- Here are some ideas for grain-based dishes:
- Whole-wheat spaghetti ,with fresh tomato sauce.
- Whole-wheat macaroni and chickpea stew in tomato sauce.
- Tuna noodle casserole, using water-packed tuna (or rinsed, oil-packed tuna), skim milk, and fresh mushrooms or sliced water chestnuts.
- Turkey, broccoli and brown rice casserole using skim milk and egg whites.
- Eggplant lasagne, made with stir fried eggplant and part-skim mozzarella or ricotta cheese.
Strategy #3 Substitute whole-grain breads and rolls for white bread.
Strategy #4 Choose main dishes that call for fish, chicken, turkey or lean meat. Don’t forget to remove the skin and visible fat from poultry and trim the fat from meat. Some good low-fat choices are:
- Flounder or sole Florentine, (make the cream sauce with skim milk).
- Baked white fish, with lemon and fennel.
- Chicken cacciatore Italian-style, (decrease the oil in the recipe).
- Chicken curry served over steamed wild rice (choose a recipe that requires little or no fat.
- Light beef stroganoff with well-trimmed beef round steak and buttermilk served with brown rice.
- Oriental pork made with lean pork loin, green peppers and pineapple chunks served with noodles.
Strategy #5 Choose desserts that give you fibre but little fat such as:
- Baked apples or bananas, sprinkled with cinnamon.
- Fresh fruit cup.
- Brown bread or rice pudding made with skim milk.
For many, the end of the workday represents a time to relax, and dinner can be a light meal and an opportunity to decrease fat and cholesterol.
Healthy Menu Planning for Snacks
Strategy #1 Try a raw vegetable platter made with a variety of vegetables. Include some good fibre choices carrots, snow peas, cauliflower, broccoli, and green beans.
Strategy #2 Make sauces and dips with non-fat plain yoghurt as the base.
Strategy #3 Eat more fruit. Oranges, grapefruit, kiwi, apples, pears, bananas, strawberries and cantaloupe are all good fibre sources. Make a big fruit salad and keep it on hand for snacks.
Strategy #4 Plain, air-popped popcorn is a great low-fat snack with fibre. Watch out! Some pre-packaged microwave popcorn has fat added. Remember to go easy on the salt or use other seasonings.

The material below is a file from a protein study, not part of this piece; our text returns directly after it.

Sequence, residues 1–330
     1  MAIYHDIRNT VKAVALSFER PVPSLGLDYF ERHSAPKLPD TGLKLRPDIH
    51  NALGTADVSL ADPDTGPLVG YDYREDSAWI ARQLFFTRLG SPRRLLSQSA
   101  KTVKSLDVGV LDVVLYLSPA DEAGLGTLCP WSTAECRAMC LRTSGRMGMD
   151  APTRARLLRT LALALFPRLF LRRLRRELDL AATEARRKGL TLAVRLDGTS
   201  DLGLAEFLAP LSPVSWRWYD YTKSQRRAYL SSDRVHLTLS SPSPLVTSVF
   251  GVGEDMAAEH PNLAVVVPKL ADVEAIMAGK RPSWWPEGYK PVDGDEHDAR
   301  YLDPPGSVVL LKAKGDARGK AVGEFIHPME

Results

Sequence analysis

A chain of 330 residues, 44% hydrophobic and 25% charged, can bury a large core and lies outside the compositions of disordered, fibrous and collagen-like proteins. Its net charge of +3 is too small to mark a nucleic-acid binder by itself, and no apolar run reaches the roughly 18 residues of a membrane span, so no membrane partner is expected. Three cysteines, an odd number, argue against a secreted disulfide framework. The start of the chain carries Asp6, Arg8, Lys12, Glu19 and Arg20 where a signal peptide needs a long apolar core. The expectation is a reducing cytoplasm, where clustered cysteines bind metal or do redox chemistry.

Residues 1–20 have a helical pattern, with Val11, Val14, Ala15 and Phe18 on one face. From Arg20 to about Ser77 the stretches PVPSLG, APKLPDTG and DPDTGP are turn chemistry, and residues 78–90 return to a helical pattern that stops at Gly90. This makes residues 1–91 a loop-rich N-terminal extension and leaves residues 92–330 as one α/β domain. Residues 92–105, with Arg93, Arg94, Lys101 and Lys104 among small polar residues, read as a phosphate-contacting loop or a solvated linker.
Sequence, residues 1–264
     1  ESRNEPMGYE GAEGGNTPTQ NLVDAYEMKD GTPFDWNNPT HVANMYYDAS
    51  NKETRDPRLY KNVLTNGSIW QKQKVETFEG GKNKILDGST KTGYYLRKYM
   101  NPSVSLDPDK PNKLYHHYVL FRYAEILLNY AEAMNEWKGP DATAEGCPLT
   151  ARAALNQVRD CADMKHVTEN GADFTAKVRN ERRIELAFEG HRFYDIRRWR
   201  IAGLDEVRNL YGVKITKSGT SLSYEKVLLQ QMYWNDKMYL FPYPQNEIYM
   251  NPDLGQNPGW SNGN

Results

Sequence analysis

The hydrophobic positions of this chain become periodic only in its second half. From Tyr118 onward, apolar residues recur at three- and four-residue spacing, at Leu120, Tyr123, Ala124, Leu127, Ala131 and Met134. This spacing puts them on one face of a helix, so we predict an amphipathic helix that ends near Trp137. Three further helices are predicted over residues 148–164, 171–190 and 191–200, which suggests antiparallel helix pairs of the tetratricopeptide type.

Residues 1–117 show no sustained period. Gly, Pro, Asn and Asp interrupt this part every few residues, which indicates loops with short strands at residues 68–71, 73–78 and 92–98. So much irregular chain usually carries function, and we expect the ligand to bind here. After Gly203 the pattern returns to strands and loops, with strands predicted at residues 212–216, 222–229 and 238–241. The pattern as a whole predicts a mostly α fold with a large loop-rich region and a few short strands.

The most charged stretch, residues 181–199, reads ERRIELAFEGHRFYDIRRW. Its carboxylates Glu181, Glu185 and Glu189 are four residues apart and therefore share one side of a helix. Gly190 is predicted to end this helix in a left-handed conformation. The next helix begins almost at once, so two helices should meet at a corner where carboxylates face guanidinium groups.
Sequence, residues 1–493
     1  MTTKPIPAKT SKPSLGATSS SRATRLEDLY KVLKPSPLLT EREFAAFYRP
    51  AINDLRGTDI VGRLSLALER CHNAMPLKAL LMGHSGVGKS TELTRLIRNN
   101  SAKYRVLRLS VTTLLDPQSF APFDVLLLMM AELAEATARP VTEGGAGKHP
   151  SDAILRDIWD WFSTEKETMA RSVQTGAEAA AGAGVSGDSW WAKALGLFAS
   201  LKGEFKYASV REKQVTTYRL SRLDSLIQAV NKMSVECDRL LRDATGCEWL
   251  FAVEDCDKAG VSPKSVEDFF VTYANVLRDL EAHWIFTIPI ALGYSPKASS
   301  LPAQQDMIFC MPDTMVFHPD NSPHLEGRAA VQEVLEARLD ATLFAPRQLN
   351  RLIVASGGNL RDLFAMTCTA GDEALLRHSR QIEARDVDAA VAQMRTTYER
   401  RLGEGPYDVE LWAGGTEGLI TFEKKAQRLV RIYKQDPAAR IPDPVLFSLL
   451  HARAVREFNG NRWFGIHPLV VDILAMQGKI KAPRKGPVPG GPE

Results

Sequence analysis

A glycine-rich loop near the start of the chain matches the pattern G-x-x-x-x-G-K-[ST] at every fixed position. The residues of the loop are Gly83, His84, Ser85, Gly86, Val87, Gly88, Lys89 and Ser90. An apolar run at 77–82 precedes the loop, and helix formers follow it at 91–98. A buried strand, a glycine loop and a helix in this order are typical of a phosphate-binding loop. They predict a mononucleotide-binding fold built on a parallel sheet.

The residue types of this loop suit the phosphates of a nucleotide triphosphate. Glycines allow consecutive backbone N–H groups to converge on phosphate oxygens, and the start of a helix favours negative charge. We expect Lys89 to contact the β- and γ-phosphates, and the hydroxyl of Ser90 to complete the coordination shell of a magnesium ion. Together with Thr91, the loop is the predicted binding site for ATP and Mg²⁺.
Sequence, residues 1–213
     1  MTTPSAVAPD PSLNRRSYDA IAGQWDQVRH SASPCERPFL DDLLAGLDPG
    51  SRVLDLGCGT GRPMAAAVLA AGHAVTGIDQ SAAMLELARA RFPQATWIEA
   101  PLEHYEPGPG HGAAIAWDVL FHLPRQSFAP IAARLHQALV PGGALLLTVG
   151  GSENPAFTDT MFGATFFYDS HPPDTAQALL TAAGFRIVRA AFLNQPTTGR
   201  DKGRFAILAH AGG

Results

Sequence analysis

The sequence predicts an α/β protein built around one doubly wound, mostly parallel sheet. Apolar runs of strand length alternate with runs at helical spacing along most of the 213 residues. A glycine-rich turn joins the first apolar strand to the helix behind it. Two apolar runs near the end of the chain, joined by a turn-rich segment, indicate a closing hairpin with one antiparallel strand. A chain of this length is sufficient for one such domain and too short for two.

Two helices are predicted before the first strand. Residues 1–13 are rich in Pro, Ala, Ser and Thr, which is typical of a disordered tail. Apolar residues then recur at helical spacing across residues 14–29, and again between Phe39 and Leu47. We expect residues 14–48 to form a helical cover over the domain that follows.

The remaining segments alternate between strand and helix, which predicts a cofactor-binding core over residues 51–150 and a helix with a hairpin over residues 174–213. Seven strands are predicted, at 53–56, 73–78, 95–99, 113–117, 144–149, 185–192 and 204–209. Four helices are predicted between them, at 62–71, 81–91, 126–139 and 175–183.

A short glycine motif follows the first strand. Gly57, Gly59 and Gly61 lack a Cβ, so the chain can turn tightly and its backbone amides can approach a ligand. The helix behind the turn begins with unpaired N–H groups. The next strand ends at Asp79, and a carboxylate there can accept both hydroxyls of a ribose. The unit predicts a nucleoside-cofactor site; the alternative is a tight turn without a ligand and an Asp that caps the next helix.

Strategy #5 Instead of chips, try one of these low-fat alternatives that provide fibre; toasted shredded wheat Squares sprinkled with a small amount of grated Parmesan cheese, whole-grain English muffins, or toasted plain corn tortillas.
Strategy #6 When you are thirsty, try water, skim milk, juice, or soda with a twist of lime or lemon.
Healthy menu planning is the same as any other part of your life. If you don’t plan, it will happen anyway, and that is when we fall into the fast food trap. Healthy menu planning is essential, but not only will it give you a healthy diet, it will also save you time and money.
By using these healthy menu planning ideas, trying recipes that have been modified to decrease fat and sodium and increase fibre, and planning meals that are high in fibre and low in fat, especially saturated fat, you will be providing a healthy diet for you and your family.
Most people are locked into eating patterns that haven’t changed much since they were formulated in childhood. The truth is most of us only ever try a tiny fraction of all food that is available to us. Sometimes it’s laziness- stick to what we know- it is easy: it simply doesn’t occur to us to do something different.
Within your healthy menu planning, try experimenting, get into the habit of trying something new on a regular basis. No need to go overboard, one item at a time would suffice. Try just one piece of fruit or a vegetable that you have never tried before. Go ahead and surprise yourself, an eating rut is just like any other rut, boring!
Healthy menu planning will allow you to Eat Well… And Eat For a Healthy Life
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Healthy Eating Back to the home page of healthy eating.